About the Artist Robina Yasmin
Yasmin’s artistic persuasions were noted from an early age, where she was said to have been preoccupied with hunting high and low within the family home to seek out appropriate materials in which she could set about creating her childhood studies. Yasmin left no potential medium untouched in her bid to manifest the perfect art piece, and more often than not comprised such eyebrow-raising mixed media as fabrics, beads and even leaves, amid the slightly more orthodox application of paper.
Works By Robina Yasmin
A Fine Line Up
On The Mara
However at the age of 7, Yasmin’s art took on a more, how can we put it, adult perspective, as she was gifted what she herself fondly recalls being a ‘beautiful set of oil paints’ by a family member. And it was at this point that Yasmin’s fledgling compositions took on a whole new shape and feel as she threw herself into experimenting with this brand new medium at her disposal for the first time.
On completing her secondary schooling, Yasmin went on to further education at Cumbria College of Art, before studying at the Birmingham Institute of Art and Design thereafter. This was followed by attending the Glasgow School of Art, which essentially meant that Yasmin’s higher educational pursuits had taken in an approximate 500 mile round trip. But more than this, she was now fully equipped for the art big time as it were, courtesy of having studied under what Yasmin describes as inspirational tutors who encouraged and drew the dormant talent out from within.
To this end, Yasmin has now been successfully painting in a professional guise for over 15 years, and during this passing of time she’s nurtured, developed and essentially evolved a very distinctive style. What’s more she’s incredibly happy and believes very fortunate in as much as she gets to paint what she likes, or more accurately, goes as far as saying, loves, when it comes to her favoured and principle subject matter. Yasmin also manages to keep her feet firmly on the ground, despite such accumulated successes probably going to a lot of people’s heads and insists that she’s literally, humbled by the thought that many of her compositions hang in the private collections of people from all four corners of the globe.
Speaking of what, precisely it takes to be a painter, Yasmin is quick to stress that inspiration is the most critical element, once you’ve taken into account the talent suffice to say. Although she didn’t. We just added that as a footnote. The inspiration or initial spark fuels any artist’s fundamental desire to paint, much in the same fashion that it’s imperative that a writer finds a muse in which to trigger and manifest the creative process that ensues. This goes the same for any person operating in a creative field or discipline. Getting back to Yasmin though, and the hugely popular contemporary animal artist cites the provocation of light sources as arguably being the most important factor in getting her in the mood to put brush to canvas so to speak. For its part, Yasmin fervently believes that light affords other pivotal components to make their presence visually felt, including colours, forms and the sensual beauty of any one particular dynamic integral to the envisaged composition.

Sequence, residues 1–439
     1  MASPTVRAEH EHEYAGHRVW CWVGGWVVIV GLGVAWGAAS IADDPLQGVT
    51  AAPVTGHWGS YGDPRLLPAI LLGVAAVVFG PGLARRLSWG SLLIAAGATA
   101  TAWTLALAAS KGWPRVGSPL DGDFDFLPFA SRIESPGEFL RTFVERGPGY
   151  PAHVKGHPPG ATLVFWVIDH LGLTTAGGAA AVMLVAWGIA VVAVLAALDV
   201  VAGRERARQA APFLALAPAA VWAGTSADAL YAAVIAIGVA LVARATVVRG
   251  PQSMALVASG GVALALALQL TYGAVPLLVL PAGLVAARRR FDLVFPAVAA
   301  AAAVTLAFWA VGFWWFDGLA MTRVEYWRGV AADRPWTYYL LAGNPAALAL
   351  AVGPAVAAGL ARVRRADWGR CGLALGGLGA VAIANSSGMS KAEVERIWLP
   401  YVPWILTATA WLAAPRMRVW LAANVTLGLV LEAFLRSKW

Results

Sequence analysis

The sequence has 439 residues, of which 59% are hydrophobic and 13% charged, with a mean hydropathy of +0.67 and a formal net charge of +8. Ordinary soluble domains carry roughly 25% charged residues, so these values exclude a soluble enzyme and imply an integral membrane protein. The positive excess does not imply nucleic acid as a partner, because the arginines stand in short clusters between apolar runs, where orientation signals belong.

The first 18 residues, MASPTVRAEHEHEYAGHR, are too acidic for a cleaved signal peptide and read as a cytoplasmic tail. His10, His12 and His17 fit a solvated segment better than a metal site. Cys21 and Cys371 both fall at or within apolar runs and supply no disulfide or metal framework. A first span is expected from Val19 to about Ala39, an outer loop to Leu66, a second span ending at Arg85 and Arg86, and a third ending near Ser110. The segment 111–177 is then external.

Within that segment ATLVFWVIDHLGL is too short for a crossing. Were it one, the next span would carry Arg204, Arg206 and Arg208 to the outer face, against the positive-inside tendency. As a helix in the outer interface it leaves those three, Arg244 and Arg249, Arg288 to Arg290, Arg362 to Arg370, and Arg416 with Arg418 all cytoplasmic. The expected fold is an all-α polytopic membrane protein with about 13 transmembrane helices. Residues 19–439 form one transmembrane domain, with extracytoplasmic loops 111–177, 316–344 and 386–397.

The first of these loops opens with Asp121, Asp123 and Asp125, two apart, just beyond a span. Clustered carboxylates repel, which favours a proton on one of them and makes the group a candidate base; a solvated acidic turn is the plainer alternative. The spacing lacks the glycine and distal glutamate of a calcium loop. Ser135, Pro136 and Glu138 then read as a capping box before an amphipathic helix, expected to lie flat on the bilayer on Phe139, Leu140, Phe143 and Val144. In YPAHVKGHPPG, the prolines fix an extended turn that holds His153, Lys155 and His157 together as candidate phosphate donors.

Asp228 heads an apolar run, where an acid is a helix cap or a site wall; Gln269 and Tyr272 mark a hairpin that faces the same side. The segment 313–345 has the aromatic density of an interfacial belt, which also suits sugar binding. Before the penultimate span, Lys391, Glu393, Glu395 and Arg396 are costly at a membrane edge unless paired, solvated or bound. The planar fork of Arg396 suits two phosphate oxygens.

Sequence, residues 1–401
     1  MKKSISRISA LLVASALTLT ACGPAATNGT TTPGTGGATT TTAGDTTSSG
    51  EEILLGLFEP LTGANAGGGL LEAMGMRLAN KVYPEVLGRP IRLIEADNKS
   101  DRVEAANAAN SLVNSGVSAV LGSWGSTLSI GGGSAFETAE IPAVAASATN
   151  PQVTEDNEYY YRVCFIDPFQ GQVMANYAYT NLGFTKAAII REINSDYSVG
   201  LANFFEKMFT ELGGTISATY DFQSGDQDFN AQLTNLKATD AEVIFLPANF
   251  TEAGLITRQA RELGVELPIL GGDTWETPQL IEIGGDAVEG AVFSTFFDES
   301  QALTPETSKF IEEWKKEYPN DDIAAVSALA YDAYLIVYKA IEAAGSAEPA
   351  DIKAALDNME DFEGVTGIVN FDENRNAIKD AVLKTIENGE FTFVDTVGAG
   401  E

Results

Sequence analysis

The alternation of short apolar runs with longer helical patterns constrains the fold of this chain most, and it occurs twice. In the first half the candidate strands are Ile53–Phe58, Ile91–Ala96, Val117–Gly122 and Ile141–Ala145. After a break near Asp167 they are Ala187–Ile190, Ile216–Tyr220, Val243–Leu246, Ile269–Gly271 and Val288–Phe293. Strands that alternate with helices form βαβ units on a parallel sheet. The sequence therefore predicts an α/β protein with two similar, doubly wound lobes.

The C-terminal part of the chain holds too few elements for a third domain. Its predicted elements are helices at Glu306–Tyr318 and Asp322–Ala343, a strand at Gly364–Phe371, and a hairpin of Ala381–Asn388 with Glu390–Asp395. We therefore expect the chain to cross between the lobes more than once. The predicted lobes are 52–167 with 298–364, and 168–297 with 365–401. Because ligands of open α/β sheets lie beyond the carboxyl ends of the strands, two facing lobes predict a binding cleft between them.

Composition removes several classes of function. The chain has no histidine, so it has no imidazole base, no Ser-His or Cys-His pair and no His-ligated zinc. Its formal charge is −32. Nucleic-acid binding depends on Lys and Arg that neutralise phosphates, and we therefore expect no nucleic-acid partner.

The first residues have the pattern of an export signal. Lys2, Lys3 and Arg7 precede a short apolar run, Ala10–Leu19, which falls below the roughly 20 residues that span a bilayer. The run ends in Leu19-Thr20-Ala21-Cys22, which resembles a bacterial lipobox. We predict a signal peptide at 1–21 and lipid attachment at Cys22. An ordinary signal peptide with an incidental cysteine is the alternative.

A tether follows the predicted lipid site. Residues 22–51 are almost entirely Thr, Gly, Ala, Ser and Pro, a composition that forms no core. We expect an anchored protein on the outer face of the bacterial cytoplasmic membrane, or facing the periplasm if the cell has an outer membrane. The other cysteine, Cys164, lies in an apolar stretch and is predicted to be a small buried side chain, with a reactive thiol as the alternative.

Which (kinda) leads us onto the animal which Yasmin has made her own in terms of her unique illustrative interpretation; namely the zebra. The artist began capturing the likeness of the easily identified creature native to Africa purely because they’re such a striking and altogether beautiful animal, whilst adding that she loves the manner in which the light (when struck right) falls onto their decidedly black and white bodies. Yasmin makes it her creative business to then ensure that her graphical translation of her habitual muse remains grounded in an unswervingly contemporary mould, ultimately, whilst also not losing sight of the more orthodox values of clean lines, strong compositions, clear backgrounds and a narrative that the viewer can always relate to.
One of Yasmin’s thinly veiled secrets (or tricks of the trade, depending on how you look at it) is to take hundreds of photographs of her animal canvas leads, as she’s travelled around zoos, wildlife establishments and safari parks both here in the UK and abroad, perpetually compiling a large back catalogue of retrospectively priceless reference material to plunder in the medium and long term. Yasmin has long been fascinated with the way in which zebras interact with each other in these environments, and observing their characters and temperaments play out, while also keenly noting how certain emotions and/or connections affect the general mood and ambience of any given herd. Explaining a little more on this subject, Yasmin adds; “I see much of us in these beautiful animals, particularly when there is a new born around. Often their behaviour can give rise to a title that in turn sets a painting in motion”.
Yasmin remains adamant that the correct imagery is paramount, and being a well versed photographer benefiting from a large compendium of pictorial facts and figures on this hot topic, puts her in the driving seat when it comes to being confronted with that blank canvas. Occasionally Yasmin will have a title in mind before she commences an individual piece, while on other occasions this will be more of an after thought. For Yasmin the backdrop is of extreme importance from the outset, and only once this has been determined will she dedicate her thoughts to the main subject matter. This will be roughly sketched initially, with the artist frequenting diluted oils primarily, before constructing layers on top as she journeys through each stage, adding; “Being able to see the brush strokes as the painting builds up is always a delight”.